How I came to own a Vihuela
I was accidentally reintroduced to lutes: I swear I had no intention of getting involved, it "just happened". I studied classical guitar in the late 60s and found my inspiration from Julian Bream and Walter Gerwig, not Andres Segovia. Back then Julian Bream played a kind of hybrid guitar/lute that had metal frets, was quite heavily strung. No matter: his John Dowland was an revelation to many of us. The availability of lutes in the 60s was pretty limited; I actually bought one, I believe a 7 course instrument, while in Spain. It was a miserable, heavy instrument with metal frets and that never tuned well. Double-strung courses at modern guitar tensions resulted in an instrument that took more strength than I had to play, so eventually that instrument was abandoned.
You my ask, "who was Walter Gerwig?" In 1964 he recorded Johann Sebastian Bach: Lute Music on the Nonesuch label, and died two years later. It was a marvelous recording; I understand that he played everything on a 10 course lute using the rennaisance vieil ton. I remember his playing as being a model of simplicity and sweetness, but I haven't heard the recording in 30 years.
I continued playing guitar until I turned 40. I had played from tablature since I was a teen, frequently tuned my g string down to f#, and had actually stopped playing with nails when I was 30. However, when I turned 40 I dropped the guitar entirely and took up the piano, then the clavichord, expecting never to look back.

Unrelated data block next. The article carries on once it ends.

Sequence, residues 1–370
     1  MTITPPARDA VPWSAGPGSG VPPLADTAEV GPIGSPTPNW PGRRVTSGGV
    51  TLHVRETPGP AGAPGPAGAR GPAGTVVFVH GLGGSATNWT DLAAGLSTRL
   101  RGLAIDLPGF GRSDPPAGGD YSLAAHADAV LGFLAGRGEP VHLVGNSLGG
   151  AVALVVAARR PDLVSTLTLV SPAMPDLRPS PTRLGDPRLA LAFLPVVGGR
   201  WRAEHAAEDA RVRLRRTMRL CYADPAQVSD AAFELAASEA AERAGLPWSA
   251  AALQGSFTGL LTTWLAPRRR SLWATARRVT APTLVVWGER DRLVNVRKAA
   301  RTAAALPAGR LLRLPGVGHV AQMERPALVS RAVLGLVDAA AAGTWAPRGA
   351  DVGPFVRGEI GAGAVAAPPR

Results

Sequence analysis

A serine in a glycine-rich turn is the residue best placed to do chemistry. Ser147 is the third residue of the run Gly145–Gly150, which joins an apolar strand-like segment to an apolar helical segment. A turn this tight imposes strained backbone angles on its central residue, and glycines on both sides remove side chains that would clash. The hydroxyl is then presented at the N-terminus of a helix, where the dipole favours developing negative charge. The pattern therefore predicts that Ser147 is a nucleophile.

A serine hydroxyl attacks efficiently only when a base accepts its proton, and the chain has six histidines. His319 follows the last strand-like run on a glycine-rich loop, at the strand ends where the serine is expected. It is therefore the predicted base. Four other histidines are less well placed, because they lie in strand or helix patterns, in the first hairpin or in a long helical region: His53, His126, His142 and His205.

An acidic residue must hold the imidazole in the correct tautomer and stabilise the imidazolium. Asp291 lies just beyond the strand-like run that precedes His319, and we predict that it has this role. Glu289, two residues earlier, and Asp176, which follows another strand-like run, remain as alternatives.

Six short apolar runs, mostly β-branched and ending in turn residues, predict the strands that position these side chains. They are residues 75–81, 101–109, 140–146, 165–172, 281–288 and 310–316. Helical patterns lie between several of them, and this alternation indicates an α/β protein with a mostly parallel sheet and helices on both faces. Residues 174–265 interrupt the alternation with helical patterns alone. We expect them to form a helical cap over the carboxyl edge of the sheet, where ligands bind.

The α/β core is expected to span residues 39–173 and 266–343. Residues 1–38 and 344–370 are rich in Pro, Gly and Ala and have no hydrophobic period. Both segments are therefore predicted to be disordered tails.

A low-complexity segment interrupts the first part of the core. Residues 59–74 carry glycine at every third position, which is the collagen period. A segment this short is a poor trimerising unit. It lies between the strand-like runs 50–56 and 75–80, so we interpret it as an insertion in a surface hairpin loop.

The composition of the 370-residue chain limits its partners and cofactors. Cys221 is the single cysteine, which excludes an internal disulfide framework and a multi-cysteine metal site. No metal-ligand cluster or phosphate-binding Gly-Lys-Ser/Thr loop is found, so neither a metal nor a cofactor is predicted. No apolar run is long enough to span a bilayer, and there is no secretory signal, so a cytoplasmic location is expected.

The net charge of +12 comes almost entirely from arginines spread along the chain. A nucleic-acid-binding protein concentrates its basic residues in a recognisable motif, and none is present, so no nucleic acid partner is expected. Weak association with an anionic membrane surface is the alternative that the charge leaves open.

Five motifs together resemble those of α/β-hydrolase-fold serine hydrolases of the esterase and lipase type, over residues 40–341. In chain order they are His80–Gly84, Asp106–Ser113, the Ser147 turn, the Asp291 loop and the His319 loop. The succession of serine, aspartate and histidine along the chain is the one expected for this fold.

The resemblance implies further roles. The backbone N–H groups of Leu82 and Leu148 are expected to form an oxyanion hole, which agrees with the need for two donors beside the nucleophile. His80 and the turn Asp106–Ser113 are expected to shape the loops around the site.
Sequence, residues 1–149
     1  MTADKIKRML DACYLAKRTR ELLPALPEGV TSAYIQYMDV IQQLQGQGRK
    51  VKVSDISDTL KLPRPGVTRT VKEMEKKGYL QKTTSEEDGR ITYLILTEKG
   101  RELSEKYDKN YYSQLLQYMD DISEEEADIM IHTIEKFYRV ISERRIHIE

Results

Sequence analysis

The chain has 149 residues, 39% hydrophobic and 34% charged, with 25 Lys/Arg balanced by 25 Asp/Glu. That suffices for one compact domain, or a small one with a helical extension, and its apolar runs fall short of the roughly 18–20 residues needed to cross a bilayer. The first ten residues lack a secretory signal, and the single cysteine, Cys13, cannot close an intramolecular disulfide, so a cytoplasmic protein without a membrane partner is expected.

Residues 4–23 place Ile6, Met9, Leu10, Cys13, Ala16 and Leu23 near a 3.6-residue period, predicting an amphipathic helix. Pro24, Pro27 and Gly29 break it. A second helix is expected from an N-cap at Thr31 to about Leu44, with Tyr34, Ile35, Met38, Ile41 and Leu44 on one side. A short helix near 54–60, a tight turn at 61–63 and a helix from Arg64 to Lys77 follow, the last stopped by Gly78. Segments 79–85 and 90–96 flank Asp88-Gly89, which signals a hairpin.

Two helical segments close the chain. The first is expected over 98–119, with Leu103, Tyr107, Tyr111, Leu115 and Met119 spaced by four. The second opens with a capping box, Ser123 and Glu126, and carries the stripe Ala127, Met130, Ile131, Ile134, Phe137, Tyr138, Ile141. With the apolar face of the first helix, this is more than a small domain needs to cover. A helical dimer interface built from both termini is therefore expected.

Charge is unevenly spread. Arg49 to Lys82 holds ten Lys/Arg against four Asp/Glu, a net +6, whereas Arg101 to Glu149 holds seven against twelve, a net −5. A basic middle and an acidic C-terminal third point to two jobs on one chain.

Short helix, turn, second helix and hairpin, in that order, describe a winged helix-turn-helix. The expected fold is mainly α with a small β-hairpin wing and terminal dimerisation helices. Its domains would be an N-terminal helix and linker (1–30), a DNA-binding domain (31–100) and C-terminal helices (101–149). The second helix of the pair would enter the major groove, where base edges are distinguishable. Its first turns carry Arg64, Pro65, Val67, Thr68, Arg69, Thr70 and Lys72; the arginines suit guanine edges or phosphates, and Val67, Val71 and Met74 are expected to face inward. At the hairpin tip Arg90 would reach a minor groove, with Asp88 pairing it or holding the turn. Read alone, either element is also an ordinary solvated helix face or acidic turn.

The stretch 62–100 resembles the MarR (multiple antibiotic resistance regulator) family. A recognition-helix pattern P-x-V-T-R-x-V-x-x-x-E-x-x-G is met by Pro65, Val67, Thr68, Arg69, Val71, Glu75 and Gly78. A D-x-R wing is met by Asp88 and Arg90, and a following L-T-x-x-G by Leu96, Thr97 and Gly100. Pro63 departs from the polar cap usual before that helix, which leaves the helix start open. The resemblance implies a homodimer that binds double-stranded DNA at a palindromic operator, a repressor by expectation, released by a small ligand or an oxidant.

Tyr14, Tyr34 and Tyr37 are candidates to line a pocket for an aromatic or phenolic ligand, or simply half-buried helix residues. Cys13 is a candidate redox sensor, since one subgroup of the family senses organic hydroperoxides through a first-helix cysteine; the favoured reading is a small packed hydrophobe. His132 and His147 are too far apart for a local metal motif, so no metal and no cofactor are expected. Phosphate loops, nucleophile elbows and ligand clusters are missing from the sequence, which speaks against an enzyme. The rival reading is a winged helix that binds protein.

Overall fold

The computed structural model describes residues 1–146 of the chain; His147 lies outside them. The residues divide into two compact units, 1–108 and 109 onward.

A dozen years later I met another client of Cezar's who shared my interest in early keyboard instruments. She also owned two of Cezar's lutes, a 7-course, then a 6-course, and had a vihuela on order. She was astonished to discover that I could read tablature and that I could barely scratch out some pieces on her instruments. I was intrigued by these historically authentic lutes, but not enough to make a commitment to a new instrument! However, when her vihuela arrived I was instantly infatuated. I loved its size, its bright, sweet tone, and of course its elegance. I told myself at the time that if I was ever going to study early fretted instruments, it would be a vihuela. I began collecting vihuela recordings, which only further convinced me that I really wanted a vihuela.
Ordering my vihuela
I told Cezar I wanted an elegant instrument that wouldn't look like a funny guitar, that I preferred darker woods for the back, even though it didn't look like he had done that before. I also told him that I liked the parchment and pearwood rosette that is found on the original Chambure vihuela. Finally, I wanted an ornate, "Moorish" head. Beyond that, I trusted Cezar's aesthetic decisions. Cezar got quite excited and came up with a design that alternated two rosewoods, a light and a dark. The result, which you can see in the pictures (click on them to see a larger version), is simply stunning. This is an instrument that immediately draws the eye to it. Okay, most people still think it looks like a funny (but very beautiful) guitar—that can't be helped.